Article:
|Publication number||US4362475 A|
|Application number||US 06/243,828|
|Publication date||Dec 7, 1982|
|Filing date||Mar 16, 1981|
|Priority date||Mar 16, 1981|
|Publication number||06243828, 243828, US 4362475 A, US 4362475A, US-A-4362475, US4362475 A, US4362475A|
|Inventors||William R. Seitz|
|Original Assignee||Joy Manufacturing Company|
|Export Citation||BiBTeX, EndNote, RefMan|
|Patent Citations (10), Referenced by (39), Classifications (9), Legal Events (11)|
|External Links: USPTO, USPTO Assignment, Espacenet|
1. Field of the Invention
This invention relates to a compressor inlet valve construction and, more specifically, such a valve wherein multiple functions are accomplished through a control tube which transmits fluid to the valve housing interior.
2. Description of the Prior Art
In connection with various types of compressor designs, a wide variety of valve constructions have been employed. See, for example, U.S. Pat. Nos. 2,241,195; 2,241,330; 3,348,764; 3,595,959 and 3,613,719.
In general, the prior art designs have been somewhat complex and frequently provide only a single purpose valve.
U.S. Pat. No. 2,241,195 discloses an unloading mechanism wherein a piston is adapted to contact a plunger which in turn operates through a spring biased spider-collar combination to move a poppet valve.
U.S. Pat. No. 2,241,330 discloses a fluid pressure operated valve arrangement which provides a number of clearance pockets in association with a compressor cylinder.
U.S. Pat. No. 3,348,764 discloses pressure equalizing means for a compressor wherein a gravity biased valve element is adapted, responsive to certain changes in pressure, to permit communication between the compressor inlet and outlet.
U.S. Pat. No. 3,593,959 discloses a pocket unloader valve wherein a piston is operated by pneumatic pressure introduced into the cylinder and overcomes the bias of a spiral spring so as to act upon the valve element.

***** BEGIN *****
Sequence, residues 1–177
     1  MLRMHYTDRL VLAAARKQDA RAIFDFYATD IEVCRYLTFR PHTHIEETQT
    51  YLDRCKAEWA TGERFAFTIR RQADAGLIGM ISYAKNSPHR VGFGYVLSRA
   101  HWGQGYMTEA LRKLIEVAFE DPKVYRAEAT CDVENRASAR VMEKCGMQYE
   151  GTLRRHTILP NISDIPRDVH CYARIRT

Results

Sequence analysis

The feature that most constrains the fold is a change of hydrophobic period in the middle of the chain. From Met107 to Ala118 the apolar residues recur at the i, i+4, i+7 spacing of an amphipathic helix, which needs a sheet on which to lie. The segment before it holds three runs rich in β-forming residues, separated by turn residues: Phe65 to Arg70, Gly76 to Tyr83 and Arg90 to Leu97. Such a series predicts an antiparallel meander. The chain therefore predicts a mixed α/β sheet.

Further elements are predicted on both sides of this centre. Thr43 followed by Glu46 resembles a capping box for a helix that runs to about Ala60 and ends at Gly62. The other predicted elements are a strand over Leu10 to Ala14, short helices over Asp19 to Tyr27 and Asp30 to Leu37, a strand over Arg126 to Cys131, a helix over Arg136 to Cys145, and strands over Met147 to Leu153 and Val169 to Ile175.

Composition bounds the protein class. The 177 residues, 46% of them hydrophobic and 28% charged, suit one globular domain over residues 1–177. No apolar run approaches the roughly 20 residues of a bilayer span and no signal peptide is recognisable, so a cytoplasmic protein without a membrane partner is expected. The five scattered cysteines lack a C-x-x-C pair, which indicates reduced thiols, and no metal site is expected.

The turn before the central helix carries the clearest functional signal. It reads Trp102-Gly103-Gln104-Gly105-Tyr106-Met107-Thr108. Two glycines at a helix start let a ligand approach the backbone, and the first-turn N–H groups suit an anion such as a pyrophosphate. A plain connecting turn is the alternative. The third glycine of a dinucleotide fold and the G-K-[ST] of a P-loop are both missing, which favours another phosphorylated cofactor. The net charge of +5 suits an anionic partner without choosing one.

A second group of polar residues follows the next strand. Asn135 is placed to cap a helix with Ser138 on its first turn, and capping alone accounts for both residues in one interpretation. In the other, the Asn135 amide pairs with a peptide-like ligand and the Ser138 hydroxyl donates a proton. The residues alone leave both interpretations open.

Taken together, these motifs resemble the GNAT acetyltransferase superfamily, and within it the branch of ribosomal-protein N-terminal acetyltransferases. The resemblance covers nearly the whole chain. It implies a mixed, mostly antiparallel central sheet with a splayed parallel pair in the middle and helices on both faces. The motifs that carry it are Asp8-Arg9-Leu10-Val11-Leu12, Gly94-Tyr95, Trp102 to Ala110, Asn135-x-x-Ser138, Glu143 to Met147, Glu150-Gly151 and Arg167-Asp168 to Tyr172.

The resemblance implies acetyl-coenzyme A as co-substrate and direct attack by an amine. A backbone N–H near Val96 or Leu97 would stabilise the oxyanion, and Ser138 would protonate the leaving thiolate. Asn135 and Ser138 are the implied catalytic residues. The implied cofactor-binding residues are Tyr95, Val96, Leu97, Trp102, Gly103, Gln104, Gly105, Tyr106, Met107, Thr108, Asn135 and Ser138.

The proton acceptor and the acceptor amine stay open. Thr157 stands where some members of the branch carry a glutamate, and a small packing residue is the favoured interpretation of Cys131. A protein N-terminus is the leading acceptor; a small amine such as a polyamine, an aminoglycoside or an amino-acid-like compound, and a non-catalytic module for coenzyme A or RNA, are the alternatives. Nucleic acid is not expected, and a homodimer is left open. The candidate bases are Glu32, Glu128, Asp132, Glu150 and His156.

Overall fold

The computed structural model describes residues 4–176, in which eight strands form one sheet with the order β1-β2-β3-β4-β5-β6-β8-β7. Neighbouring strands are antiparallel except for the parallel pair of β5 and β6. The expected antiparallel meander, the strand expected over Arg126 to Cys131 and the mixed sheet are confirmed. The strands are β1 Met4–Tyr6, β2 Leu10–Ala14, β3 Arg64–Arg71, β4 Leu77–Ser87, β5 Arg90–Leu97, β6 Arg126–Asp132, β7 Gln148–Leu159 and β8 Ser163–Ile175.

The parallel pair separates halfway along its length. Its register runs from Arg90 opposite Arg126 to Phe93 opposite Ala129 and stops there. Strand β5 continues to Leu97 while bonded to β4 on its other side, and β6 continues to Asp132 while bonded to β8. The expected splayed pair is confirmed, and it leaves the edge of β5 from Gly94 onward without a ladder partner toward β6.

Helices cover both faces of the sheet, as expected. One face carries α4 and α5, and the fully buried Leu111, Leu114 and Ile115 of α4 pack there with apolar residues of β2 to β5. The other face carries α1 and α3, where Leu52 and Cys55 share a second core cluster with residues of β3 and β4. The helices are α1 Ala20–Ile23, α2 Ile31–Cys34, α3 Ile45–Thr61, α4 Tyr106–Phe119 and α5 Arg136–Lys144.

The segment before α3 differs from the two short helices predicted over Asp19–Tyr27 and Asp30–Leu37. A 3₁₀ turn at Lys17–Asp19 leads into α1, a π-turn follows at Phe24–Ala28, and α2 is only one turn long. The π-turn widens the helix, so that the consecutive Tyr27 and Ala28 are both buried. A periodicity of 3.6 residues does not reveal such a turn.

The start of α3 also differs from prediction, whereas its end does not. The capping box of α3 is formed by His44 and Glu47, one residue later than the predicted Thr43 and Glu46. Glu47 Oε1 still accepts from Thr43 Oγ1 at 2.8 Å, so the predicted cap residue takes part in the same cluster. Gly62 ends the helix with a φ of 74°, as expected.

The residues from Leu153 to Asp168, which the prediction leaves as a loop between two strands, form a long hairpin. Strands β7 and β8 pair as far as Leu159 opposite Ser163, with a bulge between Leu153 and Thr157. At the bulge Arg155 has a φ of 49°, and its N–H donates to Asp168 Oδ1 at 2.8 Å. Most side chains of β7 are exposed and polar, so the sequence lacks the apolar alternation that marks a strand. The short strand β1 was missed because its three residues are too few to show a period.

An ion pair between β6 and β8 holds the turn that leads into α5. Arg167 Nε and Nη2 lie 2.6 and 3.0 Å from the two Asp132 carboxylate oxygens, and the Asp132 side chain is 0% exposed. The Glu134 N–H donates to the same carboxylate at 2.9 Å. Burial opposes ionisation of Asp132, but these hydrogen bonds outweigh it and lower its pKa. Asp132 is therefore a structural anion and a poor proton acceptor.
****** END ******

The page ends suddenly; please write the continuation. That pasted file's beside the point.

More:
U.S. Pat. No. 3,613,719 discloses a compressor valve wherein a hollow control piston is adapted to raise a valve plate through the lifting of interposed spheres.
There remains, therefore, a very real and substantial need for a compressor inlet valve which is of relatively simple construction and operation and will provide multiple functions.
The present invention has met the above-described need. The compressor inlet valve of the present invention employs fluid pressure as one means for operating the valve to alternately permit and restrict intake into the compression chamber. In addition, the valve is is adapted to serve as a check valve in case of accidental shutdown. Also, a bleeder capability is provided through a bypass in order to relieve certain shock loading. Further, a portion of the fluid flow through the valve is delivered to the inlet side of the valve to lower the system pressure for low unloaded horsepower.
The compressor valve has a valve housing, a control tube disposed at least partially within the housing and a first portion adapted to be in communication with a source of fluid. A valve element is mounted on the control tube for relative movement thereon, as is a piston which is disposed between the valve element and the control tube first portion. Valve seat means are provided. Main spring means bias the piston generally toward the control tube first portion.